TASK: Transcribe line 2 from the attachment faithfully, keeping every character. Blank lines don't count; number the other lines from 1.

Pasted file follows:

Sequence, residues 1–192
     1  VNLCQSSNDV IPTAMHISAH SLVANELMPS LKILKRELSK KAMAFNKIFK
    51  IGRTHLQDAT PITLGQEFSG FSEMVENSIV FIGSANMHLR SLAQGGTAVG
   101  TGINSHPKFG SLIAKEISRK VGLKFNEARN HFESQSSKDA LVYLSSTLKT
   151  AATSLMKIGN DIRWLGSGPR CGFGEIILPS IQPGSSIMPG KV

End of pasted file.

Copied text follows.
     1  VNLCQSSNDV IPTAMHISAH SLVANELMPS LKILKRELSK KAMAFNKIFK